At one time, the Doha Round looked like it was still alive, but without consciousness. All the “doctor” members around the bed pledged to save him, but couldn’t agree on the medical prescription.
The 9th WTO ministerial meeting (MC9) is scheduled for December 3-6, 2013, in Bali, Indonesia. If the MC9 still fails to reach a partial deal, the ultimate fate of the Doha Round will be in real danger.
There is, however, a chance for partial success. WTO members had intense and tenacious negotiations in the past year. Negotiations on trade facilitation, least developed countries (LDC), and dispute settlement understanding have resulted in a positive outcome. LDCs have obtained eight years more leeway on protecting intellectual property. The negotiation on special and different treatment is also moving forward with six agreement proposals. Pascal Lamy, the WTO director general, has described the June-July negotiations as “the last gas station before Bali.” Hence, the Doha Round is gathering some momentum again. Now, an early harvest package plan is on the table. A strong, persistent push and meticulous consultation among members will most likely lead to an agreement on this package, meaning a half-way deal and a new prospect for the full conclusion in the future.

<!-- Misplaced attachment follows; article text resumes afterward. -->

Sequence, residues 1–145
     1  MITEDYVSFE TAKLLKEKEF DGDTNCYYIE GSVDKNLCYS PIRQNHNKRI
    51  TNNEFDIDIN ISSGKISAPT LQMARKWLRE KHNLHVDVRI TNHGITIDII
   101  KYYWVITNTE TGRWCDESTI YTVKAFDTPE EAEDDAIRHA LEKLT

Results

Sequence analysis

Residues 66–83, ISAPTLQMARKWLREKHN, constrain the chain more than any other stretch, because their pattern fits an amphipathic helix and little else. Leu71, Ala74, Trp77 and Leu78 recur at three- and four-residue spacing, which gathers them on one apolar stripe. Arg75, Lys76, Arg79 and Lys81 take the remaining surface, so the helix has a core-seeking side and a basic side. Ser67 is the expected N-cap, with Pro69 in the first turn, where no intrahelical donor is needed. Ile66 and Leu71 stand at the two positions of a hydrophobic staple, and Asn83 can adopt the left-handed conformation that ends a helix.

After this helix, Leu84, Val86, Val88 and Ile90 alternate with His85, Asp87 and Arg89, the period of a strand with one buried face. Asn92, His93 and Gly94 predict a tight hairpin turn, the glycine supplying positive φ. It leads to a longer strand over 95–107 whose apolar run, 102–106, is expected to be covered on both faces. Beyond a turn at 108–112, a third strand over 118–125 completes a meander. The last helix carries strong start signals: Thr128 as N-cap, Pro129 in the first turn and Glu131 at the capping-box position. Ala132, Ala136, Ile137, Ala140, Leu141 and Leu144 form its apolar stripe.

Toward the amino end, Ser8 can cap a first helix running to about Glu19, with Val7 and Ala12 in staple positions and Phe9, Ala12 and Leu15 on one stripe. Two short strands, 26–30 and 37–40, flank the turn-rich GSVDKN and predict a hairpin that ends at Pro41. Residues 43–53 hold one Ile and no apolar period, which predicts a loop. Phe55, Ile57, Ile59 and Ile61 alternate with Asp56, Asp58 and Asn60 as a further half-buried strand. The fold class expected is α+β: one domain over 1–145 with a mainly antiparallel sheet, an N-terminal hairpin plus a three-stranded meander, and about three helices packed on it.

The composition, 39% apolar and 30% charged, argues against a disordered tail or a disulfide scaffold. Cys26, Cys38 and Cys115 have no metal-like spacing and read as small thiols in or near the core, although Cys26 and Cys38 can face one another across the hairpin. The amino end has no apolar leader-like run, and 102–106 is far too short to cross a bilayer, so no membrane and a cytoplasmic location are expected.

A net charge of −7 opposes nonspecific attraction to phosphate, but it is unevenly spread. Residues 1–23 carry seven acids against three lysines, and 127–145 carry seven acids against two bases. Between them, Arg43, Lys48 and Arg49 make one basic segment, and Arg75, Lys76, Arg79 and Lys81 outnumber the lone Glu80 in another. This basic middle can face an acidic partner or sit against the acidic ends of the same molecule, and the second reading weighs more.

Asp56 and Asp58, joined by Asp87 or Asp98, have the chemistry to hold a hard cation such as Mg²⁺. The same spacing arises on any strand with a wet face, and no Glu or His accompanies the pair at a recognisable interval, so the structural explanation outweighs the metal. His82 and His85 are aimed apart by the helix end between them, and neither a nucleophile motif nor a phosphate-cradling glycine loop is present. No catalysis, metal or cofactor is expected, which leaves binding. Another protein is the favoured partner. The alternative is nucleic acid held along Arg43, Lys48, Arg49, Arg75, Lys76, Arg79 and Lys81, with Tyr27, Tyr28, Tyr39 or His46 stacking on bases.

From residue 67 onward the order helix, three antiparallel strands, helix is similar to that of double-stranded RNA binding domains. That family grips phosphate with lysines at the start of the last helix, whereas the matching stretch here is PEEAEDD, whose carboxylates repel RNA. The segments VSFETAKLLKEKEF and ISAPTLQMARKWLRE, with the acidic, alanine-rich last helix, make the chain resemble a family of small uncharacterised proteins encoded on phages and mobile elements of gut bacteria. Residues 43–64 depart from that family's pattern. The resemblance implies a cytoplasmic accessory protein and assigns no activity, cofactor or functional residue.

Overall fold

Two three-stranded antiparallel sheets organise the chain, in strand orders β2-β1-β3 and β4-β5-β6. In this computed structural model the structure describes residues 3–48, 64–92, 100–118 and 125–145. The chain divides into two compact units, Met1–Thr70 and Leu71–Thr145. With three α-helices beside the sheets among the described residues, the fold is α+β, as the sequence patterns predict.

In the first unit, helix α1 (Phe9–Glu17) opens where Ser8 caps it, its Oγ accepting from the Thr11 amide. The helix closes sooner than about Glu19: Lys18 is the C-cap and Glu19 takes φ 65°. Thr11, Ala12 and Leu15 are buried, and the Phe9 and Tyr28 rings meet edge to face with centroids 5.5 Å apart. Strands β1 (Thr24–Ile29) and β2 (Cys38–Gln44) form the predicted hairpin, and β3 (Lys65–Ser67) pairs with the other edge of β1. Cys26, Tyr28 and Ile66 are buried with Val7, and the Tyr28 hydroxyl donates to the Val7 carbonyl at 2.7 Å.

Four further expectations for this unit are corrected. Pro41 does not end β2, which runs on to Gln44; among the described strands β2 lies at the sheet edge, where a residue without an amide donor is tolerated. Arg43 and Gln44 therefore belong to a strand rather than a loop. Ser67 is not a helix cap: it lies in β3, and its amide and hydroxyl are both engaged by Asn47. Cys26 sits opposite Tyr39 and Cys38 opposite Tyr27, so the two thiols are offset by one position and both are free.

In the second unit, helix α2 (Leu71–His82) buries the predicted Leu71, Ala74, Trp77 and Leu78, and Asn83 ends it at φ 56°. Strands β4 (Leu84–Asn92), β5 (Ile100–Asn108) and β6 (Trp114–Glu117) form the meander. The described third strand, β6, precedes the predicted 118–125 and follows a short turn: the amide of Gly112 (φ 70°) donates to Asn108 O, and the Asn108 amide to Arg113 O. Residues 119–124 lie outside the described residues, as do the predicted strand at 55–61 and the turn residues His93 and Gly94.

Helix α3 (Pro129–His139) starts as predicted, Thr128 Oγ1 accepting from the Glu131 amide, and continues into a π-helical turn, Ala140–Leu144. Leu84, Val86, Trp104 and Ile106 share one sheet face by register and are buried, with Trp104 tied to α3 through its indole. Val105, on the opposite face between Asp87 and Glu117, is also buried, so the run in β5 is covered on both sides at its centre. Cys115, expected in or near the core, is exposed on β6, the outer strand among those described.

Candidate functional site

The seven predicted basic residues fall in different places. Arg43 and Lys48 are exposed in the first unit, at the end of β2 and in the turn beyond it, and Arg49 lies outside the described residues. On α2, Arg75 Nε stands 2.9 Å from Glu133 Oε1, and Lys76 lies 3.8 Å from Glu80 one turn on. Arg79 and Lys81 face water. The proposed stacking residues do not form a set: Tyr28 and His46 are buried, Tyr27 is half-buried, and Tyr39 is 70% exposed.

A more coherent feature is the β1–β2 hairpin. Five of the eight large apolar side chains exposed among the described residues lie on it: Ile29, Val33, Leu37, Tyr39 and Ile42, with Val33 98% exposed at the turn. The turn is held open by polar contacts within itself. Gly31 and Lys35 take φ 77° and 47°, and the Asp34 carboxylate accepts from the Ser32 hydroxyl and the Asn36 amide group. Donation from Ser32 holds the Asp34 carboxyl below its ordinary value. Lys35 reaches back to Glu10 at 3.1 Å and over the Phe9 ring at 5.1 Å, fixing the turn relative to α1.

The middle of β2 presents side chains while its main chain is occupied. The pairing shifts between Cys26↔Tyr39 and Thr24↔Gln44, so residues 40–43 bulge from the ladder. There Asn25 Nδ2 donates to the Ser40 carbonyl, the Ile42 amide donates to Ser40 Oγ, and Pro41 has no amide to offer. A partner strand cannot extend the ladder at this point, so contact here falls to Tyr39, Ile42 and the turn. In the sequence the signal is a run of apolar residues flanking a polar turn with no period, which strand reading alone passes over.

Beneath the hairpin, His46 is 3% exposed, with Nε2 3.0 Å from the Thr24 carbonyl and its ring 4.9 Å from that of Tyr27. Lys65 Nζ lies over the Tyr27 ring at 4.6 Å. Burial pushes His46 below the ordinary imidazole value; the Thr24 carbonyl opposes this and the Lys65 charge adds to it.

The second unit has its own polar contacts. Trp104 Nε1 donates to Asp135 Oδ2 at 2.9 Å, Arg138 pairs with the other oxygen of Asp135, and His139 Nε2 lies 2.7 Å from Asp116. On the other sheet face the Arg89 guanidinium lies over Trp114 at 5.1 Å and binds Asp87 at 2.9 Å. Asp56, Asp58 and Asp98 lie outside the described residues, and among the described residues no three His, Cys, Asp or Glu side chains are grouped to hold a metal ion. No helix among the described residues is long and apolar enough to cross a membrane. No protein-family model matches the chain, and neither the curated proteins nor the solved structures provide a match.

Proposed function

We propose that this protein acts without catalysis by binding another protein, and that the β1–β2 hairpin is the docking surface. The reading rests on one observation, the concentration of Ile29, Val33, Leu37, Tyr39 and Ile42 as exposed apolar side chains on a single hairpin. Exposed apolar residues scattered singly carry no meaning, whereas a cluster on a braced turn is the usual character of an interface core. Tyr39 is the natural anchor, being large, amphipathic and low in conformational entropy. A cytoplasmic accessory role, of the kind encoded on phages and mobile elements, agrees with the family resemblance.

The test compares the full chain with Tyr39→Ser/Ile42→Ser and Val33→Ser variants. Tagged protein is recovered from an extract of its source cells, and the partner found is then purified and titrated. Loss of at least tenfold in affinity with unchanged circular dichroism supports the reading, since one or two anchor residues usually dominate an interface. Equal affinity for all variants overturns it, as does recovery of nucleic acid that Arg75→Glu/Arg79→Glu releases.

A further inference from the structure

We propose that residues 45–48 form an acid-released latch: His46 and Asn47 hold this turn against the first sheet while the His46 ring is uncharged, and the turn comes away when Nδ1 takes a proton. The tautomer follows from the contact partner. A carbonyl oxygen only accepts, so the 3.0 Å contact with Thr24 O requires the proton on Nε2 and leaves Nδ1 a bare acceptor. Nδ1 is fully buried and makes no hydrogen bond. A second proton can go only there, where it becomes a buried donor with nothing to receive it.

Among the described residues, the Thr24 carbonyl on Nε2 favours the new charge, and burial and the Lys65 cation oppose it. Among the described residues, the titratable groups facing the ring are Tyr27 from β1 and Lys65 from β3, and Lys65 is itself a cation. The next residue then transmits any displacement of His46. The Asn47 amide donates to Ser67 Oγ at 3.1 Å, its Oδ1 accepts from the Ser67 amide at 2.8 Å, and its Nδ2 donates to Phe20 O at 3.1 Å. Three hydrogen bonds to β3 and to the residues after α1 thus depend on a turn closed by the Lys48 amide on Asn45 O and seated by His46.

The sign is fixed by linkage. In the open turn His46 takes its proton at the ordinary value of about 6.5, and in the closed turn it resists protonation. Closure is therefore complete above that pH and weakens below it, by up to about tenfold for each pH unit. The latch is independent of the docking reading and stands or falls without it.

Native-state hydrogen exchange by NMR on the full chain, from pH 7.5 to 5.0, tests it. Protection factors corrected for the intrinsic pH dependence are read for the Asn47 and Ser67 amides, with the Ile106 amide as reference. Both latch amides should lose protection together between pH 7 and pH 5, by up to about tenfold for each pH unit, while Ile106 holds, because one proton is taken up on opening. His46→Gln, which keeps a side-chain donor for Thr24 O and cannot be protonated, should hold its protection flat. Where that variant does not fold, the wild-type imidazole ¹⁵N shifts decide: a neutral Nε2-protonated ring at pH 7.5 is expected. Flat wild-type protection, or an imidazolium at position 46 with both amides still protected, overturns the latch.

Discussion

China and the US are the world two largest trading powers, with the total trade volume combined accounting for over 20% of world trade. Both countries are major stakeholders in the multilateral trading system, and thus play a key role in the Doha Round. Now that we have a joint commitment, China and the US should lose no time in working together to prepare various proposals and negotiations, and communicate with different groups of WTO members. Both sides should focus on facilitating trade (with an emphasis on assistance for least developed countries) and dispute settlement understandings, and try to clinch a broad consensus among all the WTO trade ministers before December, in order to secure a solid agreement at MC9. If done, China and the US will make great contributions, not only to world trade liberalization, but also to the logical evolution of various RTAs and FTAs on the common base of the WTO.
RTAs/FTAs and WTO are Complementary